One upshot of the current environment, for some companies, is a change in the identity of our true audience. As an investor relations person, I’ve always thought of investors – individuals, portfolio managers, value, growth, whatever – as the audience.
But it’s not always so.
I was reminded of this by “Preparing for a Shrinking Economic World,” a column in the Nov. 1 issue of Genetic Engineering & Biotechnology News. Speaking of the biopharma business (as you might guess from the publication), the article notes that giant pharmaceutical companies are awash in cash – $9 billion on average among large caps – while the bear market limits the options of smaller companies:
Alas, there is one liquidity event that won’t be appearing any time soon: the biotech start-up going public. Since the first of several painful Wall Street events began, there have been several biotech companies that have withdrawn their plans to go public … This clearly leaves biotech in a state of vulnerability, as IPO hopefuls may seem further from exit. This also means that ready, willing, and able buyers from Big Pharma will perhaps make a strategic acquisition.
A piece in the Nov. 10 issue of Fortune, “Big Tech Goes Bargain Hunting,” makes exactly the same point about small to mid-size tech companies and the cash-rich giants of technology.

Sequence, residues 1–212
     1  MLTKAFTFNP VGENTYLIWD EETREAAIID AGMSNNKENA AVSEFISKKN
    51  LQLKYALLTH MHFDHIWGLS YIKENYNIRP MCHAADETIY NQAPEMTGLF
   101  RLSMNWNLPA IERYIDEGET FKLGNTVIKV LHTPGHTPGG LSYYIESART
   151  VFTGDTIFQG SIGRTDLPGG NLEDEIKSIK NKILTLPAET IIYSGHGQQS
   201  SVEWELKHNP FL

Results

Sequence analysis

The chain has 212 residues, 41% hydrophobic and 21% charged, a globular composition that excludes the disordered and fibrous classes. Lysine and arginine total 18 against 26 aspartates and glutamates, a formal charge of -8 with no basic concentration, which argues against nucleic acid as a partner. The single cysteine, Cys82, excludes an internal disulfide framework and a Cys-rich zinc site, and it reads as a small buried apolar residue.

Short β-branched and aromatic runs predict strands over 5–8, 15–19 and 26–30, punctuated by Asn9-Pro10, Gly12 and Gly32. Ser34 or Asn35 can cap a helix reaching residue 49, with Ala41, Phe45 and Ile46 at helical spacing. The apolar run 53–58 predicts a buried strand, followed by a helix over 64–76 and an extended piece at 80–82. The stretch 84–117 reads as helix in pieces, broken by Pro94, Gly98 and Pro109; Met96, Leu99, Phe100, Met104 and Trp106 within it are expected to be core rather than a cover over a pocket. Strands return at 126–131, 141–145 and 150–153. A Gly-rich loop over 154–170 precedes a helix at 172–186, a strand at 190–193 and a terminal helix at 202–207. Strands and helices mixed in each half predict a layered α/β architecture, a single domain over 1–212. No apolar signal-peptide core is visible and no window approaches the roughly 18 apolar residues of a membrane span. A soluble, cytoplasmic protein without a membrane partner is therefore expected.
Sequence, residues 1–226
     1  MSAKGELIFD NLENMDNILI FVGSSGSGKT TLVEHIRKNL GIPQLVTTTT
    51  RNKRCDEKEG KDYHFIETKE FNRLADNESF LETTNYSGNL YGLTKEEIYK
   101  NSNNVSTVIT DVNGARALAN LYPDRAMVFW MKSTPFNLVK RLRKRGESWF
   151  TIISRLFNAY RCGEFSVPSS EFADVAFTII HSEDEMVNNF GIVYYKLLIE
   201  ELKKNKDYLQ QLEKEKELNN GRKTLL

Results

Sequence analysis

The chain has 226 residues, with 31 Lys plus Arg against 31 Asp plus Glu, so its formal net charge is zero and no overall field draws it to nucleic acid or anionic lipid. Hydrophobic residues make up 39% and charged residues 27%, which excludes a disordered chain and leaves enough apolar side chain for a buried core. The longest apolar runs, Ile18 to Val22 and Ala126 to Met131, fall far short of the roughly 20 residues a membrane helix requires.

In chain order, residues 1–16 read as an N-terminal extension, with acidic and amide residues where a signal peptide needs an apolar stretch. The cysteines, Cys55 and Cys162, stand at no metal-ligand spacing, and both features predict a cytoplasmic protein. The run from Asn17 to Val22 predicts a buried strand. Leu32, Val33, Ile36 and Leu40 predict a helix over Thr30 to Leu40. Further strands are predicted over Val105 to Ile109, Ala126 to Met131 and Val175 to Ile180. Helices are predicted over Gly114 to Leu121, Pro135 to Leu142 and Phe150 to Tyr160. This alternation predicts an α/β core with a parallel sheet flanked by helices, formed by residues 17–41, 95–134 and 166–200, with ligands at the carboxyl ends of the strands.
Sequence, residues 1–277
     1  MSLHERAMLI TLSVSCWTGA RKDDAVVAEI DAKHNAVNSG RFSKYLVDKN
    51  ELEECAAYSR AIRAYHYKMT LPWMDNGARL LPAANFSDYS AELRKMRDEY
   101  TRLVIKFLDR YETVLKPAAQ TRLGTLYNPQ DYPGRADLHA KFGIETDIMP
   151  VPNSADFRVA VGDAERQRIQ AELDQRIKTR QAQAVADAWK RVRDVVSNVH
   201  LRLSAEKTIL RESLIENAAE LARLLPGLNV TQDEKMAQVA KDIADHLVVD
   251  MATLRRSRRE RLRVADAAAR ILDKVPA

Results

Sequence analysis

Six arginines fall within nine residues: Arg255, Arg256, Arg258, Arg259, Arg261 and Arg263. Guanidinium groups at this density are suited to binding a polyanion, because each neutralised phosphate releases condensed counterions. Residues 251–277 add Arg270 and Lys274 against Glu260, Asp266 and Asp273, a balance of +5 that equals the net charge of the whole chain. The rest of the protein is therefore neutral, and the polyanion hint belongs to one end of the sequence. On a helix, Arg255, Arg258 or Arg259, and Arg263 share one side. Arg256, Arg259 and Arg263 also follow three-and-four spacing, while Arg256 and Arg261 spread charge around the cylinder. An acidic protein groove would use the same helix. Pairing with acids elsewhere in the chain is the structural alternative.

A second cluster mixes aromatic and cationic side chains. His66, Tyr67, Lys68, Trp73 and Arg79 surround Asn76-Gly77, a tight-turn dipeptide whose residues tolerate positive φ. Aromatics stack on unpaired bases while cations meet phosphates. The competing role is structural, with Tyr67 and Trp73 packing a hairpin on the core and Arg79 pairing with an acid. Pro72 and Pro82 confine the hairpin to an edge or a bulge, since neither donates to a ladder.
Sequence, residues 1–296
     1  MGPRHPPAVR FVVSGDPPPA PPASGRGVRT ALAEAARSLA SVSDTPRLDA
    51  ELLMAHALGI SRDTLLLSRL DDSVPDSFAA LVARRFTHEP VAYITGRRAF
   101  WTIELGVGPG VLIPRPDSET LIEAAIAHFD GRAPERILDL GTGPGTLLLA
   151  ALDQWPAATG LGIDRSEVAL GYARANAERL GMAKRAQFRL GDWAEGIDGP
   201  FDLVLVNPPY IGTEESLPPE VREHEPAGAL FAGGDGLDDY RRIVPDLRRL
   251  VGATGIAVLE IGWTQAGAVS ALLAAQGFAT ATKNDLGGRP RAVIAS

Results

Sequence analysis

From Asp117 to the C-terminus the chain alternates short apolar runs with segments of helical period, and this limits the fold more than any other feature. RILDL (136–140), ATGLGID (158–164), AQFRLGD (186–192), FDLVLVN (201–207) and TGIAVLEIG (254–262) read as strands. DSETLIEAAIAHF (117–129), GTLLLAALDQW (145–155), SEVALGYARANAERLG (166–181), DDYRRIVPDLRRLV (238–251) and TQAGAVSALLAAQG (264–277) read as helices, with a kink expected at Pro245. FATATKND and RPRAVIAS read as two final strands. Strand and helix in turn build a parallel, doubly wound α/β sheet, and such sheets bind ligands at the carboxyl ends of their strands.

Truth is, this applies to many industries. I’ve heard entrepreneurs in a variety of businesses talking about exit strategies: Private companies no longer count on doing IPOs, but view their most likely exit as being acquired. In the public company world, too, smaller companies are thinking more about acquisition as a path to maximizing shareholder value.
So let’s talk about the 800-pound gorilla. Our audience may not be a mutual fund analyst in Boston or a little old lady in Kansas City. The real target audience (or at least one) may be a bigger company that, in a few months or years, may replace our many shareholders with a single 100% owner. And our public disclosures also influence these potential acquirers.
Are the messages the same, or different, for an M&A audience? As investor relations professionals, committed to maximizing shareholder value, we need to study up on this class of investors. They may be strategic acquirers in the same industry, or financial buyers like private equity funds. I don’t know all the answers, but we ought to re-read The Quest for Value and pay attention to news and trade articles explaining the motivations and structuring of acquisitions.
My impression from a few M&A experiences is that deal-oriented investors do have different information needs, or preferences. Earnings per share are out; the acquirer or i-banker will apply ratios to EBITDA or net income. Enterprise value, debt on the books and cash in the bank are intensely relevant. Assets that can be sold matter. Working capital and cash flow. In the biopharma field, and perhaps others, future products also drive value – again, often via multiples of projected cash flows.
I remember, years ago, writing an annual report for my employer – our last as a public firm – while top management was negotiating to sell the company. The deal was finalized in the same time frame as the annual report. It was gratifying when, a few weeks later, someone on staff with the new owners told me their top management had been especially impressed by the extensive new-drug pipeline graphic that had been a labor of love in this annual report. IR mattered.